GILBERD, Ambrose (by 1524-58), of Nether Hall, Clare, Suff.
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Family and Education
b. by 1524, 1st s. of William Gilberd of Nether Hall by Margery. educ. L. Inn, adm. 9 Aug. 1538, called 1544. m. by 1554, Grace, da. of Sir Robert Townshend of Ludlow, Salop, 2s. 2da. suc. fa. 1549.3
Pensioner, L. Inn 1554-5, bencher 1555, Lent reader 1556.
Bailiff for Thomas Seymour, Baron Seymour of Sudeley, unknown property by 1548; bailiff, Ashen, Essex, and Erbury and Hundon, Suff. 1550-d., Chilton and Stoke by Clare, Suff. in 1558; commr. chantries, Norf., Suff. and Norwich 1553; recorder, Lynn 5 Nov. 1557-d., Norwich 12 Nov. 1557-d.4
Ambrose Gilberd’s father was a prosperous clothier who owned property throughout East Anglia. He claimed gentle birth and arms identical with those of the Devon family of Gilbert, but this need not suggest kinship but merely an attempt to assure the Gilberds of a respectability which their real origins did not merit. Ambrose Gilberd was not brought up in trade, but after a legal education became a lawyer whose burgeoning career was cut short by his early death, probably as a victim of the epidemic that swept the country in the last year of Mary’s reign.5
Gilberd’s Membership of all but two of the seven Parliaments summoned in the reigns of Edward VI and Mary almost certainly reflects his early promise as a lawyer. His return for the duchy of Cornwall boroughs of Camelford, Liskeard and West Looe was presumably the work of Sir John Russell, Baron Russell and later 1st Earl of Bedford, as steward of the duchy and patron of Lincoln’s Inn, but in 1547 Gilberd may also have enjoyed the support of Admiral Seymour, whom he is known to have served as bailiff and from whom in 1548 he received the gift of a buck. Evidence of his official sponsorship is forthcoming at Camelford where his name was inserted on the indenture over an erasure. If affianced or already married by early 1553, he was presumably beholden for his place at Bridgnorth to his father-in-law Sir Robert Townshend, then vice-president of the council in the marches, to whose influence the town was amenable. His election at Lynn followed his appointment as its recorder. The Journal mentions Gilberd once when on 8 Feb. 1558 the second of three unsuccessful bills regulating the felling of timber was committed to him after its second reading. Of his part in the previous Parliaments all that is known is that he did not oppose the initial measures to restore Catholicism nor was he absent without leave when the House was called early in January 1555, perhaps because his fellow-Member at Looe was Speaker Heigham and because earlier in that Parliament he had secured a lease in recognition of continuing works begun by Queen Mary’s mother.6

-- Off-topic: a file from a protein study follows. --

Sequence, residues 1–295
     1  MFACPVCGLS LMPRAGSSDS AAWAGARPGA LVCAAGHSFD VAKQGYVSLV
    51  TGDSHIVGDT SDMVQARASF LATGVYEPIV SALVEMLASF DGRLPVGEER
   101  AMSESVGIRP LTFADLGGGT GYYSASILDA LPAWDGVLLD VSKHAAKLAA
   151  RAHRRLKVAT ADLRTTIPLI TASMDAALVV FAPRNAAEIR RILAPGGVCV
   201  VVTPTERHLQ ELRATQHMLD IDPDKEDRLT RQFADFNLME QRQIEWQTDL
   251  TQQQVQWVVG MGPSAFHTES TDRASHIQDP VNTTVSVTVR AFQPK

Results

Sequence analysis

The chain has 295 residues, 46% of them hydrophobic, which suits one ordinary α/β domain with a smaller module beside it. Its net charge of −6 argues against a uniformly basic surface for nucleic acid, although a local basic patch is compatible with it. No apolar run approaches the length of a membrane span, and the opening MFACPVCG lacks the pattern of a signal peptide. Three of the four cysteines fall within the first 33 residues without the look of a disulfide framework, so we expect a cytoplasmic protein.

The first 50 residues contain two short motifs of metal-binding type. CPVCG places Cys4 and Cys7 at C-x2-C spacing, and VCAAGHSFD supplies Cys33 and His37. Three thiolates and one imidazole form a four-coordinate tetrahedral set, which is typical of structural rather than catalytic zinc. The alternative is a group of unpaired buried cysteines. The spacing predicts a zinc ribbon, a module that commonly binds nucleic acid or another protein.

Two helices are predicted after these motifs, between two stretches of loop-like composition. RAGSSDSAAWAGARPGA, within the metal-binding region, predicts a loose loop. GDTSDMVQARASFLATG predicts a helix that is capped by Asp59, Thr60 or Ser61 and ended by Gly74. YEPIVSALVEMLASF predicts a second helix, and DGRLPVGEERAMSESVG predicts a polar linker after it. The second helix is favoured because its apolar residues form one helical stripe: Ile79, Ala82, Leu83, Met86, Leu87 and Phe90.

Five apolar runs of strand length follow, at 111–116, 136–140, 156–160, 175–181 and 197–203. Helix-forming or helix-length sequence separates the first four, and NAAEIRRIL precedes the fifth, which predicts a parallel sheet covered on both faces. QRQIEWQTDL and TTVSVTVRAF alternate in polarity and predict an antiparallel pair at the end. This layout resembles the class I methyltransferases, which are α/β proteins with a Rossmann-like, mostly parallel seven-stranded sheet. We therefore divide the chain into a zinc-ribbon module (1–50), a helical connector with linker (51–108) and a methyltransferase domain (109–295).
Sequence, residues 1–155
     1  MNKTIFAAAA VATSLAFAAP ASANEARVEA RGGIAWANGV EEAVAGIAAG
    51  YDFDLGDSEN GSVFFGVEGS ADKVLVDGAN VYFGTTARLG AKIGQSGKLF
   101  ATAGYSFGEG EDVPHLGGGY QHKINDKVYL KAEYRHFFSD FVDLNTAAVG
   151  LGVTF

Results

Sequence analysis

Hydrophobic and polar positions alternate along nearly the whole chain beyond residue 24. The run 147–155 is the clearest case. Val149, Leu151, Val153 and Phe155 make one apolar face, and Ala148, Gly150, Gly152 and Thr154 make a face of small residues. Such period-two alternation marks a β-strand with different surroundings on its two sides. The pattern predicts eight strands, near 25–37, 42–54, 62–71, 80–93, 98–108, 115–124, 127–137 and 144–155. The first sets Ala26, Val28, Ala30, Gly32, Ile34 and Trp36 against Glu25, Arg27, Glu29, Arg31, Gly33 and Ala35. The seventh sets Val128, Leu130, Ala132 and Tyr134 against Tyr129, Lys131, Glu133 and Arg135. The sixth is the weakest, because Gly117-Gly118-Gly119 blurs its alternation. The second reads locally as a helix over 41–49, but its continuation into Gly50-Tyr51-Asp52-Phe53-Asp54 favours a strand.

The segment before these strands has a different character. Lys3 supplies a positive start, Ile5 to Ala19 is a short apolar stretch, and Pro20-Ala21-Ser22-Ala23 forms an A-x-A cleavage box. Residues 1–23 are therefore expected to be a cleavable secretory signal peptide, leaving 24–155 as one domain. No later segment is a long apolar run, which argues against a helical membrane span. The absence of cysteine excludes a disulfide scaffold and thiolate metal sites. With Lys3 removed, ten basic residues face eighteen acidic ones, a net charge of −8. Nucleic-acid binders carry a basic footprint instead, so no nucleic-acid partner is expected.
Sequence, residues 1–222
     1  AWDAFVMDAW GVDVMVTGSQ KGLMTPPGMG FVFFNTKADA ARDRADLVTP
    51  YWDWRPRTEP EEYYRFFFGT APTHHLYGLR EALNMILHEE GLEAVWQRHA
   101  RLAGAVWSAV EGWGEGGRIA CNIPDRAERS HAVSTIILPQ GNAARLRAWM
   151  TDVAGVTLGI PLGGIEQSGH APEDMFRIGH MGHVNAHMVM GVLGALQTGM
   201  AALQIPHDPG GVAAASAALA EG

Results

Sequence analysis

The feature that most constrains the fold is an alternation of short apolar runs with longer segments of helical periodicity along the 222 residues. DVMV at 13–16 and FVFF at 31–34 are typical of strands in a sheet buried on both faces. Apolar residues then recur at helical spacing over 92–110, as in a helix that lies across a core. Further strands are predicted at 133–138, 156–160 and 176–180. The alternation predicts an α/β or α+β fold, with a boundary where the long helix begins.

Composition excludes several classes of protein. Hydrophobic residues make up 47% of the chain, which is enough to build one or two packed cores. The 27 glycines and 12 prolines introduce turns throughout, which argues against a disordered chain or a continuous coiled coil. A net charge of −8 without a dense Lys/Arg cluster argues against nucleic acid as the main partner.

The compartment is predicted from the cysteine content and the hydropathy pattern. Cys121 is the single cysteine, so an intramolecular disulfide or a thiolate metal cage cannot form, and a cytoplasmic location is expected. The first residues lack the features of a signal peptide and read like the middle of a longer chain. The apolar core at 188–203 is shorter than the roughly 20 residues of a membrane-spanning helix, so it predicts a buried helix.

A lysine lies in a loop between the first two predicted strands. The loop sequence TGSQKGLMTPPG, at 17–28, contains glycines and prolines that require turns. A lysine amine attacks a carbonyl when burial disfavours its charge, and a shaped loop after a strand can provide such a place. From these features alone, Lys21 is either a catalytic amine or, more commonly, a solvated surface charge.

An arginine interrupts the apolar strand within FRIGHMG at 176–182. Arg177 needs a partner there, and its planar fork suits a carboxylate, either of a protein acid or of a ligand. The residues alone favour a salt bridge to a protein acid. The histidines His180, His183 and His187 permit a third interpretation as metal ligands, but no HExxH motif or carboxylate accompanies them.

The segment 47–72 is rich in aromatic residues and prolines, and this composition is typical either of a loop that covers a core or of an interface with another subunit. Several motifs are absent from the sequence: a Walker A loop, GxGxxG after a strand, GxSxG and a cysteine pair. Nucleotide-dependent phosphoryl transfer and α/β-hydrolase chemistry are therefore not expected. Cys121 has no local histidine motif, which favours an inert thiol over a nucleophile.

Gilberd is not known to have been ill when he made his will on 14 July 1558, making provision for his mother, wife, children and kinsmen, but he died on the last day of the month. His death was noted on both the lists of Members for the Parliament of 1558, and he was replaced for its second session by William Yelverton. His widow married one Richard Smith.7
Ref Volumes: 1509-1558
Author: A. D.K. Hawkyard
- 1. Hatfield 207.
- 2. Did not serve for the full duration of the Parliament.
- 3. Date of birth estimated from education. Trans. Essex Arch. Soc. n.s. ix. 198; PCC 2 Coode, 40 Noodes; C142/118/5.
- 4. E163/12/17, nos. 37, 50, 54; 315/221, f. 28; Strype, Parker, i. 44; CPR, 1548-9, p. 136; Somerville, Duchy, i. 602; Norwich ass. procs. 3, f. 37; Lynn congregation bk. 5, f. 301.
- 5. Trans. Essex Arch. Soc. n.s. ix. 198; PCC 2 Coode.
- 6. Trans. Salop Arch. Soc. (ser. 4), v. 44-45; P. H. Williams, Council in the Marches of Wales, xiv; C219/21/23; CPR, 1554-5, p. 145; CJ, i. 48.
- 7. PCC 40 Noodes; C142/118/5; 193/32/2; Wm. Salt Lib. SMS 264.